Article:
Given the recent notification of the Maharashtra government to abolish stamp duty on gifts between relatives (Referring to the Maharashtra Stamp Act Amendment Bill 20/2015) is a welcome step and we are seeing a lot of happy faces and sighs of relief as many had kept such transfers pending or were clueless as to why a stamp duty burden needs to be borne when the property itself is not changing hands in the real sense.
Anyway, all’s well that ends well. Now that we are all eager for the notification to come into effect, let us equip ourselves as to the basics of such a gifting process. YES, it differs from a simple sale transaction...HOW? read on...
When it comes to transferring property, a sales deed may not always fit the bill, especially if you want to pass it on to relatives. In such cases, instruments like a gift deed or relinquishment deed can come to your rescue. However, blindly choosing either can lead to problems.
1. Gift deed:
This document allows you to gift your assets or transfer ownership without any exchange of money. To gift immovable property, you just have to draft the document on a stamp paper, have it attested by two witnesses and register it.
Registering a gift deed with the sub-registrar of assurances is mandatory as per Section 17 of the Registration Act, 1908, failing which the transfer will be invalid. Besides, such a transfer is irrevocable. Once the property is gifted, it belongs to the beneficiary and you cannot reverse the transfer or even ask for monetary compensation.
However, if you want to gift movable property like jewellery, registration is not compulsory. At the same time, a mere entry in an account book is not sufficient to establish a transfer. Apart from physically handing over the property, you need to back it with a gift deed. The process is slightly different if you are gifting company shares. You will have to fill out the share transfer form and submit it to the company or registrar, and the transfer agent of the firm. Once again, get a gift deed drawn and executed to complete the transfer, but the document need not be registered.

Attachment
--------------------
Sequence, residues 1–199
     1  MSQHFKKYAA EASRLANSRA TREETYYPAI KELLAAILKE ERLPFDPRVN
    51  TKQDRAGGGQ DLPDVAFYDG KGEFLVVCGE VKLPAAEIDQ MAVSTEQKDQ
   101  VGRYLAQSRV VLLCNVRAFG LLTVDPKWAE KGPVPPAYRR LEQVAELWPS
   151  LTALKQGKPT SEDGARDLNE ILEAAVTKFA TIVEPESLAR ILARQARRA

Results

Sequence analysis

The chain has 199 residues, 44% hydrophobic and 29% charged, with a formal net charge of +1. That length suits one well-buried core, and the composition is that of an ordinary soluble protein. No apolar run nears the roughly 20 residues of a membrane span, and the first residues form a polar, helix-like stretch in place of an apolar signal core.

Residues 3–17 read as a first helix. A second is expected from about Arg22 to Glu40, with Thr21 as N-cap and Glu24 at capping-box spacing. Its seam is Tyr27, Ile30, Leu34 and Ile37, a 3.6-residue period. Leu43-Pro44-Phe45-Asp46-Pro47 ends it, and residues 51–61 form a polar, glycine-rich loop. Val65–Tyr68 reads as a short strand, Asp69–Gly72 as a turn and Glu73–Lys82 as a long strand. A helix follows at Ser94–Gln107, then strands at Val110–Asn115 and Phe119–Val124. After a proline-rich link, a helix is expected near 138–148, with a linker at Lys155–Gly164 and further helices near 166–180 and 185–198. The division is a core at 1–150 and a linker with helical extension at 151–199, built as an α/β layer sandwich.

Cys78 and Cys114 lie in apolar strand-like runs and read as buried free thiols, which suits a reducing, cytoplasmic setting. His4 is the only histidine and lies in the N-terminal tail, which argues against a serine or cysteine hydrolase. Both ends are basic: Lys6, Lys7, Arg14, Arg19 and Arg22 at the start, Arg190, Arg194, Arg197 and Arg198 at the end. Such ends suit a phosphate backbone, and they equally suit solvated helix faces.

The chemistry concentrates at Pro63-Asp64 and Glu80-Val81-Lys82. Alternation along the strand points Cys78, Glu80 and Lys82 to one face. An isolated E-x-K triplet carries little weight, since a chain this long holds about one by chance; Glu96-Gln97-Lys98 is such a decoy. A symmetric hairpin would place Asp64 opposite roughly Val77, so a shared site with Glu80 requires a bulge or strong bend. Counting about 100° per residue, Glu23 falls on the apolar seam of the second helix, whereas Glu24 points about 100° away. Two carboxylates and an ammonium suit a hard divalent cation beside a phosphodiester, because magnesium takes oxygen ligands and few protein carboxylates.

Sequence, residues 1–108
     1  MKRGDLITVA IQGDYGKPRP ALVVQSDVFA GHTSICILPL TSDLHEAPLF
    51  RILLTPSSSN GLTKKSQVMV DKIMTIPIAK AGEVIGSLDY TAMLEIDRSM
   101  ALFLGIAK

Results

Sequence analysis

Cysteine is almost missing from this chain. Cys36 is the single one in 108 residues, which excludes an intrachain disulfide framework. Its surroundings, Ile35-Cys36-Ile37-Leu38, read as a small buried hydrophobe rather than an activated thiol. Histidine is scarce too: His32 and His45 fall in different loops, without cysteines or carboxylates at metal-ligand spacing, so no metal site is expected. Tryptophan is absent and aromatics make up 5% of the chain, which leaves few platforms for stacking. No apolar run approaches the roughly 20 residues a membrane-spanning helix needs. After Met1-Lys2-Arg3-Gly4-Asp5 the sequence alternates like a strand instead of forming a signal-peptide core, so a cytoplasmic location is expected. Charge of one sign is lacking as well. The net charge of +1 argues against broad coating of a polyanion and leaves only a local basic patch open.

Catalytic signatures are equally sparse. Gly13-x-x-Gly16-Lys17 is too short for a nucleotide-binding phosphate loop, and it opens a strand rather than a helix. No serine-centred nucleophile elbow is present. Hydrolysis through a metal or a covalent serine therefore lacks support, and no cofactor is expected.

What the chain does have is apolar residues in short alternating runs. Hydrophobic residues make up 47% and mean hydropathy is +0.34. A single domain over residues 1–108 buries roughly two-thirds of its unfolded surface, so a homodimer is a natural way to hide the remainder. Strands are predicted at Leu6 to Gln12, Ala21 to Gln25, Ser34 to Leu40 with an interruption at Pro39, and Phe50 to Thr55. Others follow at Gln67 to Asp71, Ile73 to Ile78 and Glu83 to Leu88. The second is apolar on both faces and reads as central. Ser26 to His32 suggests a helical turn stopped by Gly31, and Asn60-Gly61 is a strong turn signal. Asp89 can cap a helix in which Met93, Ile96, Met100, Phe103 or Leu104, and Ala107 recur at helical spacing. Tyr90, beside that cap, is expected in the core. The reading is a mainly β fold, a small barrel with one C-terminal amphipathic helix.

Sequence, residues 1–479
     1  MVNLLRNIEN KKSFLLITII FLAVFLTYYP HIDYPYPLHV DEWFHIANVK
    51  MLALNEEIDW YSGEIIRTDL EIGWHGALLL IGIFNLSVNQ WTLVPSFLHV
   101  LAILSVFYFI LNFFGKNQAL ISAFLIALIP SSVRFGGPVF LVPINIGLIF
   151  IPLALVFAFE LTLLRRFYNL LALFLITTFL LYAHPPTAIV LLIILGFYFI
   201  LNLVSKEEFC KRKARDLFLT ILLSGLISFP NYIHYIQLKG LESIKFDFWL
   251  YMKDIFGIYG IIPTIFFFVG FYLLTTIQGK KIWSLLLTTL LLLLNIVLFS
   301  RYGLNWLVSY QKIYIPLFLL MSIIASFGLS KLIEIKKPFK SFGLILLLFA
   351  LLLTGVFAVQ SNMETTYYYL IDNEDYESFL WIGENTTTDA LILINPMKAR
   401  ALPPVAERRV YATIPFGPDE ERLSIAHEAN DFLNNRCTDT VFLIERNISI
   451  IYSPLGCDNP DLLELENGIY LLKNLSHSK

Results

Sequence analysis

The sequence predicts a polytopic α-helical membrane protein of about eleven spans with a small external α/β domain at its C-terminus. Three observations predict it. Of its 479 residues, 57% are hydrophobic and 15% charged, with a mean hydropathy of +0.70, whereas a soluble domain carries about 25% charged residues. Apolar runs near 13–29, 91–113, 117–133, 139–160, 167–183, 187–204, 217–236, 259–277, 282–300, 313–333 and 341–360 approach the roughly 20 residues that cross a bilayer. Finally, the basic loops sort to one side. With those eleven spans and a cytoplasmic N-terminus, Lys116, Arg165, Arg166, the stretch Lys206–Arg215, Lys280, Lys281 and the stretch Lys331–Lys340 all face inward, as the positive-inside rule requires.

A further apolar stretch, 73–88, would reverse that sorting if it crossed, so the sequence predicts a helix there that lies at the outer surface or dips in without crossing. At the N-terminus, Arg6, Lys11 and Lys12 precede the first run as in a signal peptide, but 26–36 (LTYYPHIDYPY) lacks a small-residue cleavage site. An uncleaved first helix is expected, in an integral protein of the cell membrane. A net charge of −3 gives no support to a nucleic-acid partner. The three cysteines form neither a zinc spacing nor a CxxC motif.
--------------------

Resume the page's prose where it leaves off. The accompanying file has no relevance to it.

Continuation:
2. Relinquishment deed:
This document is quite different from a gift deed, though the legal implications are the same.
You can use this instrument if you want to transfer your rights in a particular property to another co-owner. Such a transfer is also irrevocable even if it is without any exchange of money. As with all documents related to the transfer of immovable property, a relinquishment deed needs to be signed by both parties and registered.
The stamp duty is similar to that for a gift deed. However there is no discount for relatives, nor are there any tax benefits. Also, both stamp duty and tax will be applicable only on the portion of the property that you relinquish, not on its total value. You can also use this deed to transfer movable property without registration, but it is typically used for immovable property.
So, now, the Modus Operandi is clear and you know the HOW part. To know HOW EXACTLY, do reach out to us.